Monday, December 14, 2015

12/13/15, Geminid meteor shower & a try for Catalina

I sat out in the backyard from 9:30pm to 10:45pm to watch the peak of the Geminid meteor shower.  It was clear but with poor transparency and shreds of marine layer clouds passing swiftly overhead.  I saw 31 total for the time spent, mostly in Aurgia and Taurus, with a few in Gemini only late in the session, and these headed to the east.  A few were bright long streaks, but without smoke trails.  Most were quick little dashes, and seemed to fall from their place.  #24 and 25 were in Taurus, about 5 seconds apart.  Most were emanating from the east and were true Geminids; the first one I saw came from Cassiopeia and headed toward Gemini.  It was cold but I was fine in my down parka and heavy boots.  I once fully dark adapted I could see Orion's shield stars and even the line of stars (14, 16, 19) in Auriga's middle.  I tried to see some open clusters with the Vixens but the sky was too bright.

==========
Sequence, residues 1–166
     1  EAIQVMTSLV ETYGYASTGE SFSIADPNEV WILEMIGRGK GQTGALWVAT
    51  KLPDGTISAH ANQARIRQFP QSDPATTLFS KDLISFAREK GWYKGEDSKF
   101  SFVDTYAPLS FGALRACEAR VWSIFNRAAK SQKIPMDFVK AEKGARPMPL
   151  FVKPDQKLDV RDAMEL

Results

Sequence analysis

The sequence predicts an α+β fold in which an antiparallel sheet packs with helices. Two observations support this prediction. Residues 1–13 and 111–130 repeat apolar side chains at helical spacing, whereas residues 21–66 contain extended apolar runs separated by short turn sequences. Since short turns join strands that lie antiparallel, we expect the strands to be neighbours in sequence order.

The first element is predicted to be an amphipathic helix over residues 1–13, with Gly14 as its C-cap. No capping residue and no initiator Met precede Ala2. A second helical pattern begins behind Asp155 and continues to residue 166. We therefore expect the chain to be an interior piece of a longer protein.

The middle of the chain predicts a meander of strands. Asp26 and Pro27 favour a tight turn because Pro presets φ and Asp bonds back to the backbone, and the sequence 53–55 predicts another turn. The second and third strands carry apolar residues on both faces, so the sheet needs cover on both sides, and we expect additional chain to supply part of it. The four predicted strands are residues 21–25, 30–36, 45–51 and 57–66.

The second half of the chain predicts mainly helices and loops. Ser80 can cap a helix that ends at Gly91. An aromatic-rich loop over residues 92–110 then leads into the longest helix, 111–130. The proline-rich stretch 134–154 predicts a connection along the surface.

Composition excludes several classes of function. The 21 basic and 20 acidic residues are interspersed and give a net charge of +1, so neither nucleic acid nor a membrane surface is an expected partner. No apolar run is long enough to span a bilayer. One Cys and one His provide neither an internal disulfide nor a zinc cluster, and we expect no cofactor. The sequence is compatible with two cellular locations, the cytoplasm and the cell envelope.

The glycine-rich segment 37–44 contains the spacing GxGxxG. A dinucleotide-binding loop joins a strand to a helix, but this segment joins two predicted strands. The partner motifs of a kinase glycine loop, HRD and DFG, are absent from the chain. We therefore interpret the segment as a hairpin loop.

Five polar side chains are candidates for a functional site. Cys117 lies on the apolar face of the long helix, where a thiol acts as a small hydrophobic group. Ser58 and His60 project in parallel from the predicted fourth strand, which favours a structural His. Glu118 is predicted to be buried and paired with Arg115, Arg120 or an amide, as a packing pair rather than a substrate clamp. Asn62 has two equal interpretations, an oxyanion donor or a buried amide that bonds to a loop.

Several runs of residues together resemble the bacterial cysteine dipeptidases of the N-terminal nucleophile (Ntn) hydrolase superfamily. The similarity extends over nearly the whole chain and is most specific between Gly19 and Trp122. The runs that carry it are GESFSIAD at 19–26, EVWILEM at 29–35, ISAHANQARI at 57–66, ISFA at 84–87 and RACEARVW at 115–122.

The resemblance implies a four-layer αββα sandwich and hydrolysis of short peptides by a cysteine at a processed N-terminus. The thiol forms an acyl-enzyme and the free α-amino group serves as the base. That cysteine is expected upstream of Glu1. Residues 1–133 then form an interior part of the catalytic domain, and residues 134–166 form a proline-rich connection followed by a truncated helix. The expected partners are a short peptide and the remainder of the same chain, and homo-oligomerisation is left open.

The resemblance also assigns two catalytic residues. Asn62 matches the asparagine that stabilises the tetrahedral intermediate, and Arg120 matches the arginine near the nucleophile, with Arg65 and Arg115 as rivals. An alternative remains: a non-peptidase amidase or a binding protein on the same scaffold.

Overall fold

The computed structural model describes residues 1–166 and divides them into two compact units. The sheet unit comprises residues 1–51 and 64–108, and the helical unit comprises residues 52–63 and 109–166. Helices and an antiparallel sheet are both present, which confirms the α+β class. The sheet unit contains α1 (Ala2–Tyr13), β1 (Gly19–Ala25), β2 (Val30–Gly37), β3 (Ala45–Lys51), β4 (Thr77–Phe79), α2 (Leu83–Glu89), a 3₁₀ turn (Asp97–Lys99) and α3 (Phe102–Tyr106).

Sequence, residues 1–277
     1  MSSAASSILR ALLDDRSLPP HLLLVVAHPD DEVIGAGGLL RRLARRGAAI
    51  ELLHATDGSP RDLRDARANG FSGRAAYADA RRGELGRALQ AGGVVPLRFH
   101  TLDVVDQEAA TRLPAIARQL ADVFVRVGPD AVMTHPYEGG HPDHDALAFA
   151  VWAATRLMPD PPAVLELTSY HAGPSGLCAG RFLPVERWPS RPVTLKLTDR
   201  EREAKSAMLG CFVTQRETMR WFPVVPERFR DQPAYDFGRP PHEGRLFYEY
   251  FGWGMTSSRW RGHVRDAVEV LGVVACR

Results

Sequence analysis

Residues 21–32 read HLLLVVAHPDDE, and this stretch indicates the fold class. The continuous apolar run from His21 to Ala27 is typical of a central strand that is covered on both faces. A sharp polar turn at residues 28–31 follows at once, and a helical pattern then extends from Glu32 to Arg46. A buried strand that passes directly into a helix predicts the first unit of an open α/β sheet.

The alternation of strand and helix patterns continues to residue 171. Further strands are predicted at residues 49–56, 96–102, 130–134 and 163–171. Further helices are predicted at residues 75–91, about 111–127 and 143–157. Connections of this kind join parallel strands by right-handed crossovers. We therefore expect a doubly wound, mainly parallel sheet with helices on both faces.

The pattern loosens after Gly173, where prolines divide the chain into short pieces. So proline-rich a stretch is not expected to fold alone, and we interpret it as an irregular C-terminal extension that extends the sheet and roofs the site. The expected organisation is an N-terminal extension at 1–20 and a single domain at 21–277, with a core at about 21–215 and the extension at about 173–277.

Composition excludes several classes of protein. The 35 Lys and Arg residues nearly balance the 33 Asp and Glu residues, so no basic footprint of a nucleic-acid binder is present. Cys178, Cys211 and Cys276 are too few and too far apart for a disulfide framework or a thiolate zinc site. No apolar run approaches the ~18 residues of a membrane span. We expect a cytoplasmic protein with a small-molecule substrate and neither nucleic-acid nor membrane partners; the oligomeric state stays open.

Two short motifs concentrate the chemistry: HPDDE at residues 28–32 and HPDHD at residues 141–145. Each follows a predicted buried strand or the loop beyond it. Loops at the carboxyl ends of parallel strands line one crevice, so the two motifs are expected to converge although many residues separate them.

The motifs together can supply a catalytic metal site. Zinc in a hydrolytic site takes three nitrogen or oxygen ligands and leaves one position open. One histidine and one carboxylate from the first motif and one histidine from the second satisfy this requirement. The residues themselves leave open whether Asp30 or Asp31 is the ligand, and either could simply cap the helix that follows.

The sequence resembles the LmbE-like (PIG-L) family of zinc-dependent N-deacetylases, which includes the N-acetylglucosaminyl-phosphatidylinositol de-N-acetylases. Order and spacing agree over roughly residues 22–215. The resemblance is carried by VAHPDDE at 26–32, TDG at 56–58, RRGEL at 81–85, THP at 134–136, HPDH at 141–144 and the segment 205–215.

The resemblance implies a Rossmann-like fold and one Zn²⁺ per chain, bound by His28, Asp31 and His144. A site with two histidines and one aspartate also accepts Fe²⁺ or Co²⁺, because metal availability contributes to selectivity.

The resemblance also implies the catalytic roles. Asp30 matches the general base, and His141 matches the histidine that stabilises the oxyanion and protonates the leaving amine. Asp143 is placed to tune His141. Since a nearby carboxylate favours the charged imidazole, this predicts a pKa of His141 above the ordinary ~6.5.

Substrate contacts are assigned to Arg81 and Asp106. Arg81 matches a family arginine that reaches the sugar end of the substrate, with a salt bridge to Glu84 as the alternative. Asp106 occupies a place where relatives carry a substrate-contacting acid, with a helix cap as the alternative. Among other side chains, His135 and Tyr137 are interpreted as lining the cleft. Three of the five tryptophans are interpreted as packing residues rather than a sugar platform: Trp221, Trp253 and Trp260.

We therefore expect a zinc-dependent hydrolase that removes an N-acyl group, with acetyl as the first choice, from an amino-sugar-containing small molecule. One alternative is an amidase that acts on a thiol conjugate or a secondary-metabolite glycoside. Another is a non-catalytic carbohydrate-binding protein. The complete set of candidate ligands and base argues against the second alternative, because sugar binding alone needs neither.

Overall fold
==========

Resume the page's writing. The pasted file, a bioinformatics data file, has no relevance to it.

I've wanted to try to see comet Catalina and the morning of 12/14 was the first clear sky chance I had.  I told myself if I happened to wake up early enough I would go out -- and somehow my body woke me up at exactly 5am.  I put back on my winter clothes (which I set out from the night before after the meteor watch) and took my 8" reflector to give it a go.  I became very disorientated trying to find the right location.  The far eastern end of Virgo, where the comet was supposed to be, is hard for me to navigate to, since there are so many faint stars.  I tried sweeping with binoculars but didn't see anything.  I eventually tried to star hop from Arcturus, but I didn't bring a bright enough red flashlight and I had trouble reading the charts.  Eventually I ran out of night sky and twilight took over.  I looked at Jupiter and Mars, which were both mushy in the poor seeing.  Venus was as bright as some of the planes heading toward Oakland airport.  I will try again tomorrow morning, assuming I can wake myself up again, and this time more carefully plan.

But, the irony is, I saw seven meteorites while I was out in the morning, darting around Leo and Virgo.  This in a shorter period of time than last night's watch, and with me more focused on trying to find the blasted comet, looking in my finder or the binoculars.  So when was the real peak?

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